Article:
First title for Konta is the latest step in her extraordinary transformation

By Matt Roberts 

British sporting transformations are not infrequent. In a 13th month period, Leicester City went from relegation safe-bets to Premier League champions; Chris Froome, now a three-time Tour de France victor, has left behind the days of being Sir Bradley Wiggins’ understudy; with every passing day, Chris Woakes is confirming his evolution from fringe player to match winner for England’s test side.

To that list, we can add Johanna Konta, Britain’s best female tennis player for 30 years. Her last twelve months have been nothing short of remarkable and on Sunday she was rewarded with her first ever title by beating seven-time major champion Venus Williams 7-5 5-7 6-2 in Stanford.

Playing with a poise and calm that has replaced her tense temperament as her trademark, Konta impressively dispatched the in-form Dominika Cibulkova 6-4 6-2 in the semi-final before overcoming Williams. Victory moves Konta to 14th in the world and ninth in the race to the WTA Finals in Singapore. She’s the first Brit since 1977 to win the Stanford Classic – a prestigious Premier event with an honours board containing names like Martina Navratilova, Chris Evert, Monica Seles and Serena Williams.

Titles for British female tennis players are hardly common. In fact, from Sara Gomer’s Northern California Open win to Heather Watson’s Osaka win in 2012, there was a 24-year drought. While Watson has since picked up titles in Hobart and Monterrey, Konta’s achievements are on a level not reached by British women since Jo Durie in the mid-80s. And the honest truth is that nobody saw it coming.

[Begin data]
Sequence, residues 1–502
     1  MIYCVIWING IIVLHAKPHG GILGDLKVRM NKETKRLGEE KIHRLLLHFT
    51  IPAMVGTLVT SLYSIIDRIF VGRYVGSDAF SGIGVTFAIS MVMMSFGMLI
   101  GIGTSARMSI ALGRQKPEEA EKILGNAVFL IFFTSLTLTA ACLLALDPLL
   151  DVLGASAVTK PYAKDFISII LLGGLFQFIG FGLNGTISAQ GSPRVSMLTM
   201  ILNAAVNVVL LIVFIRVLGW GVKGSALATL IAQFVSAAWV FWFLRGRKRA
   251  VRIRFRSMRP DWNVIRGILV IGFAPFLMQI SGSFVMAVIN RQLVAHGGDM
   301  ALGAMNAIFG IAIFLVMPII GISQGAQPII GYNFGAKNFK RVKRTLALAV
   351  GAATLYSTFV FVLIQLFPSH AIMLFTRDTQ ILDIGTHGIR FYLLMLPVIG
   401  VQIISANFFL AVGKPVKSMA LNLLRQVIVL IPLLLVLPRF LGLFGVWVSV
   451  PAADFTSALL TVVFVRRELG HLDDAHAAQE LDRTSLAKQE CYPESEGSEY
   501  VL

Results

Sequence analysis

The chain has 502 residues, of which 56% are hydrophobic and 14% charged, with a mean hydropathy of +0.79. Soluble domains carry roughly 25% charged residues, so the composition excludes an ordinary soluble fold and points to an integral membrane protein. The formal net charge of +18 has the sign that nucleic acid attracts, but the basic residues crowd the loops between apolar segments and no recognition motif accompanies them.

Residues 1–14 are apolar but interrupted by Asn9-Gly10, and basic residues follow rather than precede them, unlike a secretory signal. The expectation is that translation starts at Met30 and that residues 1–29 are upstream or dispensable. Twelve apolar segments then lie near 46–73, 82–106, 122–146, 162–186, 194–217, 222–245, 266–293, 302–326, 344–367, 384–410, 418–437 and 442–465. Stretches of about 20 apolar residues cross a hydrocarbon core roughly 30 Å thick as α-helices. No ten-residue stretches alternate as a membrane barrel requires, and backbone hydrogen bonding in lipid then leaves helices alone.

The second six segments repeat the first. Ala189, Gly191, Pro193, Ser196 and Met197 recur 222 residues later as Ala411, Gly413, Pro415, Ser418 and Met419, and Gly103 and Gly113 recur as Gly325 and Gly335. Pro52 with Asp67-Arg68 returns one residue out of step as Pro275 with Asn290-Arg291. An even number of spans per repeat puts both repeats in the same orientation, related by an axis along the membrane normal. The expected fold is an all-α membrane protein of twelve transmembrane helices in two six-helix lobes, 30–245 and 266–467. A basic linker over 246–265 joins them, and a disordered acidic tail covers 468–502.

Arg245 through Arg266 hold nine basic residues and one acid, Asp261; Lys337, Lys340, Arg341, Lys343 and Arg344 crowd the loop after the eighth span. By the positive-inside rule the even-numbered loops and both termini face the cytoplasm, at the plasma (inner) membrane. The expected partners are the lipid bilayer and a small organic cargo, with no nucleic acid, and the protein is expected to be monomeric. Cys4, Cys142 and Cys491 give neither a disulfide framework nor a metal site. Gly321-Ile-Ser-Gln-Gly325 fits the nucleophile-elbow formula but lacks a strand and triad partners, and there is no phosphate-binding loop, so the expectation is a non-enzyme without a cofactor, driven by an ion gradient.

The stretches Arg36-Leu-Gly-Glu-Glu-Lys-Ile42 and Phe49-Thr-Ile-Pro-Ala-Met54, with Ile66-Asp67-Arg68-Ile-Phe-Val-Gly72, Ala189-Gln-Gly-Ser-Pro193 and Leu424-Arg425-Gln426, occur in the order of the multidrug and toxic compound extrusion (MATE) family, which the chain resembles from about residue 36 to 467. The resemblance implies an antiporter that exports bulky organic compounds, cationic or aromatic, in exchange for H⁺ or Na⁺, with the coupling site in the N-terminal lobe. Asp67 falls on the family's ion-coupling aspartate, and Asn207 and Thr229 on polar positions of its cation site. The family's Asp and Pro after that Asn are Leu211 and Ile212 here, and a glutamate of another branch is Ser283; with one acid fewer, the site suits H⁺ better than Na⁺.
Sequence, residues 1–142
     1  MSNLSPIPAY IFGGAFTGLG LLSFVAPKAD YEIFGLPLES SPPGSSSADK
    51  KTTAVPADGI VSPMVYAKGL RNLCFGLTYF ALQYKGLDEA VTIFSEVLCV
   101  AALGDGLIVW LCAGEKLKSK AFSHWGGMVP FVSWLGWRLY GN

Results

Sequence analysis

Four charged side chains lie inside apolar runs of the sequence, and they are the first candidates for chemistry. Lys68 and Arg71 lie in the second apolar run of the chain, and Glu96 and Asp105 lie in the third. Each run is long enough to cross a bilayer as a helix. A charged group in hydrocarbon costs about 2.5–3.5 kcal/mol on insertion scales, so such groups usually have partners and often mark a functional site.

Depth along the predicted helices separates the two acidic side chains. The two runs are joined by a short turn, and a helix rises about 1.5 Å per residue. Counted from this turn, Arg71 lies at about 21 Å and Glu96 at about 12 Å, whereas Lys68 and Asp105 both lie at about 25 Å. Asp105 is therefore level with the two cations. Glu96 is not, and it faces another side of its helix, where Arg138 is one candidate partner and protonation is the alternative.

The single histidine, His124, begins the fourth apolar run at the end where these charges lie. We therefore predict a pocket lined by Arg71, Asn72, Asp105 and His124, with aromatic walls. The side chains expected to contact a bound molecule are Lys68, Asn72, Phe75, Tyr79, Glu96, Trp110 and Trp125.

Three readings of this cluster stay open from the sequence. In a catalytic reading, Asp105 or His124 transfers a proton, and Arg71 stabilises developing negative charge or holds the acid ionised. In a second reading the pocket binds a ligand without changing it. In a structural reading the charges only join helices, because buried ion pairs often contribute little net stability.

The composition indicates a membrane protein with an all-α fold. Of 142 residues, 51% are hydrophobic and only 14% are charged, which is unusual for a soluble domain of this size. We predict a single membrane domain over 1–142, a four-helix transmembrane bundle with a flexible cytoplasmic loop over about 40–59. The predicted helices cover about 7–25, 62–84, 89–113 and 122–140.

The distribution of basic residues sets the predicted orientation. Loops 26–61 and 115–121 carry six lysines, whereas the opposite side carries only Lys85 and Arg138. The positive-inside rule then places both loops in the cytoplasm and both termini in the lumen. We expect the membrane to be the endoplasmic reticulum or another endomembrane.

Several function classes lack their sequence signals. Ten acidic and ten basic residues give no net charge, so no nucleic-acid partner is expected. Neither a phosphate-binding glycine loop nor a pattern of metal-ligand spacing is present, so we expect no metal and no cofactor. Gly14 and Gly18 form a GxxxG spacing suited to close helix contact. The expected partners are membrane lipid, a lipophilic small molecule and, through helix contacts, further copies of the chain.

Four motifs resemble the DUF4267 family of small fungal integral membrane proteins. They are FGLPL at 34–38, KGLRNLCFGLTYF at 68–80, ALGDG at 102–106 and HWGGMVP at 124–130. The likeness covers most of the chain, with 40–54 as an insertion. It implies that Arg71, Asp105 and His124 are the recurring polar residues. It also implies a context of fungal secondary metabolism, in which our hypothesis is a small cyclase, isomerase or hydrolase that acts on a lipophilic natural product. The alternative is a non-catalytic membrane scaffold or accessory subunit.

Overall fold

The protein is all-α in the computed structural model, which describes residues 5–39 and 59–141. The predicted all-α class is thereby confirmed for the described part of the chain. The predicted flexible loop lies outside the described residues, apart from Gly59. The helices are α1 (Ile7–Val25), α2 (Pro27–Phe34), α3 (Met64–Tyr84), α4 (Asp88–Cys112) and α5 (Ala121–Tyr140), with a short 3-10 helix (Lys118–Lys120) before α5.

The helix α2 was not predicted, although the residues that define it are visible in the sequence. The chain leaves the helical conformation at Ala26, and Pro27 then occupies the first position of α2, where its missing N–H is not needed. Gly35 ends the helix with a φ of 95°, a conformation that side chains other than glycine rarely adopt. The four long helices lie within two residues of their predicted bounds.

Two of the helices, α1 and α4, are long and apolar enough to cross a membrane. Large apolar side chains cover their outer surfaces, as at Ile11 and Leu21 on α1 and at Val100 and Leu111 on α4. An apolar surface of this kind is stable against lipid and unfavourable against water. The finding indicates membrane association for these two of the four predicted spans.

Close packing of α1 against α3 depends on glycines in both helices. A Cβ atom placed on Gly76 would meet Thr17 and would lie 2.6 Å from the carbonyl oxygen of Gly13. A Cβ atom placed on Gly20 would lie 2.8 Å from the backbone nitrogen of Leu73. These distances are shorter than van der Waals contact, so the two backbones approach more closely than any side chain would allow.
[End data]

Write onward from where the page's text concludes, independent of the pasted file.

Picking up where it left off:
Konta, perennially fragile and consumed with nerves whenever she could sense the finish line, began her ascent at Eastbourne last year, beating World No.8 Ekaterina Makarova for the loss of six games, and Wimbledon-finalist-to-be Garbiñe Muguruza in a run to the semi-finals. She unluckily drew Maria Sharapova in Round 1 at Wimbledon, but made more summer progress with back-to-back tournament wins on the lower-tier ITF circuit. Her juggernaut was beginning to roll.

But it was at the US Open where Konta really began to turn heads. After coming through three intense rounds of qualifying, she beat home-hope Louisa Chirico, ninth seed Garbiñe Muguruza (in the longest women’s match at the US Open since the introduction of the tie-break in 1970) and 18th seed Andrea Petkovic, before eventually falling to two-time major champion Petra Kvitova in two close sets. She left the Billie Jean King Tennis Centre having quadrupled the amount of Grand Slam main draw match wins in her career and accumulated enough points to lift her to a new career-high ranking of 58. Konta was on the map.

Her 2015 ended on a high with an impressive run to the quarter-final at the Wuhan Open, a nomination for Most Improved Player at the WTA awards and a ranking 103 spots higher than her 2014 endpoint.

At the start of this year in Melbourne, Konta took her game to even greater heights, surprising many by beating Venus Williams in the opening round and using that momentum to make the Australian Open final four, only losing to eventual champion Angelique Kerber. She became the first British woman to reach a grand slam singles semi-final since Jo Durie in 1983.